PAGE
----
Pennsylvania Supreme Court Opens Path To Striking Down Discriminatory Ban On Medicaid-Funded Abortions

Women’s Law Project Senior Staff Attorney Christine Castro says this provides "an opportunity to finally slam the door shut on the Medicaid ban" and "really safeguard the reproductive freedoms and autonomy rights of Pennsylvanians.”
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The Pennsylvania Supreme Court handed down a win to abortion advocates on Monday, ordering a lower court to reconsider a challenge to the state’s 1982 Abortion Control Act, which bans the use of Medicaid funds for abortions. 

The 3-2 decision both reversed the 1985 State Supreme Court Fischer v. Department of Public Welfare decision that upheld the Medicaid coverage ban, and also overturned the Commonwealth Court’s dismissal of the case, ruling that abortion providers have standing to challenge the constitutionality of the law. The high court also removed House and Senate Republicans as main parties in the lawsuit, finding that the lawmakers did not have a special interest to intervene in the case. 

The lawsuit, which was filed in 2019, argued that the state’s ban on Medicaid-funded abortions violates the Equal Rights Amendment and equal protection provisions of the Pennsylvania Constitution. While the Commonwealth Court dismissed the case in 2021, arguing that abortion access was unrelated to women’s rights, the Supreme Court overruled this decision Monday. 

In the 219-page decision in Allegheny Reproductive Health Center v. PA Department of Human Services, the majority of justices found that abortion restrictions amount to sex-based discrimination, which is “presumptively unconstitutional” under the state constitution. The court fell short of ruling on the constitutionality of the 1982 law, however, sending the case back to the Commonwealth Court instead.

“The ruling is really an enormous victory,” Christine Castro, a senior staff attorney at the Women’s Law Project and a lawyer on the case, told the Bucks County Beacon. “Fischer really hamstrung the promise of our unique state equality provisions. With this bad precedent overruled, not only does it provide an opportunity to finally slam the door shut on the Medicaid ban, but it also provides a more robust framework and an opportunity to really safeguard the reproductive freedoms and autonomy rights of Pennsylvanians.”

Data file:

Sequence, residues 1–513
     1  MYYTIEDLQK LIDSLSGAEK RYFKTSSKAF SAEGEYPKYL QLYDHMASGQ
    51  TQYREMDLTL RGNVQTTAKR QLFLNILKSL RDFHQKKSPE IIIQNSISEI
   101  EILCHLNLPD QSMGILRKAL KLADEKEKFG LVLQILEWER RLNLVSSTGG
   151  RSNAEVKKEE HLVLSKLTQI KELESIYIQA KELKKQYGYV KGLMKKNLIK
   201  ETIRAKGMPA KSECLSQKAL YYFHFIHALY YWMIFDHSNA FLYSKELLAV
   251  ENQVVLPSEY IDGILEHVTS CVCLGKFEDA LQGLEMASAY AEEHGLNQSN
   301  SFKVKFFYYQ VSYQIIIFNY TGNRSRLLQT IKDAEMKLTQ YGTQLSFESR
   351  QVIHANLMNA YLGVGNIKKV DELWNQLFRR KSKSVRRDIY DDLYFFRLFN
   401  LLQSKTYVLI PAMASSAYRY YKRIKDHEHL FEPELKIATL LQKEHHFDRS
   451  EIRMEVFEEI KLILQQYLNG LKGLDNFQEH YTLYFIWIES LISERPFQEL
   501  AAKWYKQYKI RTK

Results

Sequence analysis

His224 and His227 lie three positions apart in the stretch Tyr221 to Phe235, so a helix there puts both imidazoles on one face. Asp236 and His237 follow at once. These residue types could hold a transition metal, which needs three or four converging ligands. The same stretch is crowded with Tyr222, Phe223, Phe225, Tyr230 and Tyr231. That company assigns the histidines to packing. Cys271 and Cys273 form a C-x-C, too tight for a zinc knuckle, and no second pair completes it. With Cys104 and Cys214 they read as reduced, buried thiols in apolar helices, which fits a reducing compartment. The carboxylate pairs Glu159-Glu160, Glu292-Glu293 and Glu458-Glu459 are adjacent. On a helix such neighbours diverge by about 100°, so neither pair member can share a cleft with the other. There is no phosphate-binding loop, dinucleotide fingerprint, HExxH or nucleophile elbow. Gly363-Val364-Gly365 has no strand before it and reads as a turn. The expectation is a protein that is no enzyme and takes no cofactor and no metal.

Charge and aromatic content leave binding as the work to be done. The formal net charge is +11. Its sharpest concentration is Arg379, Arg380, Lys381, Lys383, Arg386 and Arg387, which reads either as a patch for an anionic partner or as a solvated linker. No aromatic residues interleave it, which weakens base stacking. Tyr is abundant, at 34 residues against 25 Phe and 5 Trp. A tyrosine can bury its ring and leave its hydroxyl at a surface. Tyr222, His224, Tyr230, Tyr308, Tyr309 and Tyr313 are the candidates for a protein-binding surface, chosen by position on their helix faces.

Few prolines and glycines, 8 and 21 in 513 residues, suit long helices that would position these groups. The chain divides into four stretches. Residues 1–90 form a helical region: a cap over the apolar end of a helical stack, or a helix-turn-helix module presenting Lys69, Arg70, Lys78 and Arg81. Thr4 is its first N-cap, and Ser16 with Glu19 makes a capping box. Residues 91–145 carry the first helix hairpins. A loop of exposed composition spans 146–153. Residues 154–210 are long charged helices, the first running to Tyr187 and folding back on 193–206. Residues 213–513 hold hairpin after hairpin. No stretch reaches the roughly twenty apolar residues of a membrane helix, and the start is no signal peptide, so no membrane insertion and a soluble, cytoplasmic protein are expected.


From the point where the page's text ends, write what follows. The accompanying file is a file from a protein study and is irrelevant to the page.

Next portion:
While this decision does not immediately end the Medicaid abortion ban, Signe Espinoza, the executive director of Planned Parenthood Pennsylvania Advocates, says “the underpinnings of our rights are in so much better shape today than they were yesterday.” 

READ: Rep. Brian Fitzpatrick Is A Loyal Soldier in the Crusade to End Reproductive Freedom and Ban Abortion 

According to Espinoza, 1 in 5 women of reproductive age in Pennsylvania are enrolled in Medicaid and impacted by the state’s ban on Medicaid-funded abortions, which denies critical health services on the basis of sex and income level. 

“Each person should be able to live, work, and make decisions about their future with dignity and respect no matter where they get their insurance,” she told the Bucks County Beacon. “We are really hopeful and we will be waiting to see what the Commonwealth Court does.”

Abortion is legal in Pennsylvania up to 24 weeks of gestation – and beyond that if the health of the pregnant person is at risk, but it is not yet a right enshrined in the state constitution. In reviewing the case, Justices David Wecht and Christine Donohue, who authored the majority opinion, did say the right to abortion is fundamental. 

“The fundamental right of a woman to decide whether to give birth is not subordinate to policy considerations favored by transient legislatures,” Donohue wrote. “We conclude that the Pennsylvania Constitution secures the fundamental right to reproductive autonomy, which includes a right to decide whether to have an abortion or to carry a pregnancy to term.”

In a concurring opinion, Justice Kevin M. Dougherty called the majority’s opinion an “incredibly insightful position“ that “may ultimately prevail in the end,” but added that this particular case does not deal with the right to abortion, “at least, not yet.” Chief Justice Debra Todd and Justice Sally Mundy dissented, with Mundy referring to the Fischer decision as “well-considered, restrained, and appropriate.” Justices Kevin Brobson and newly-elected Daniel McCaffery did not participate in the ruling. 

READ: How Abortion Became the Central Issue in Pennsylvania’s Supreme Court Race

In ordering the Commonwealth Court to reconsider the case, Dougherty also predicted its return to the Supreme Court. “There is little doubt the issue will eventually make its way back to this Court,” he wrote. 

For now, Castro says that the plaintiffs and their legal team are still determining next steps, but are celebrating the revival of the case. According to Castro, the burden is now on the state to satisfy strict scrutiny – the highest standard of judicial review used to evaluate the constitutionality of discriminatory laws. 

“That’s a very tall order,” she said. “So we’re very confident that, although the Medicaid ban is still in effect today, it’s nearing its end.” 

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Catherine Caruso

Catherine Caruso is a Pennsylvania-based freelance writer with a focus on culture, politics, education, and LGBTQ rights.

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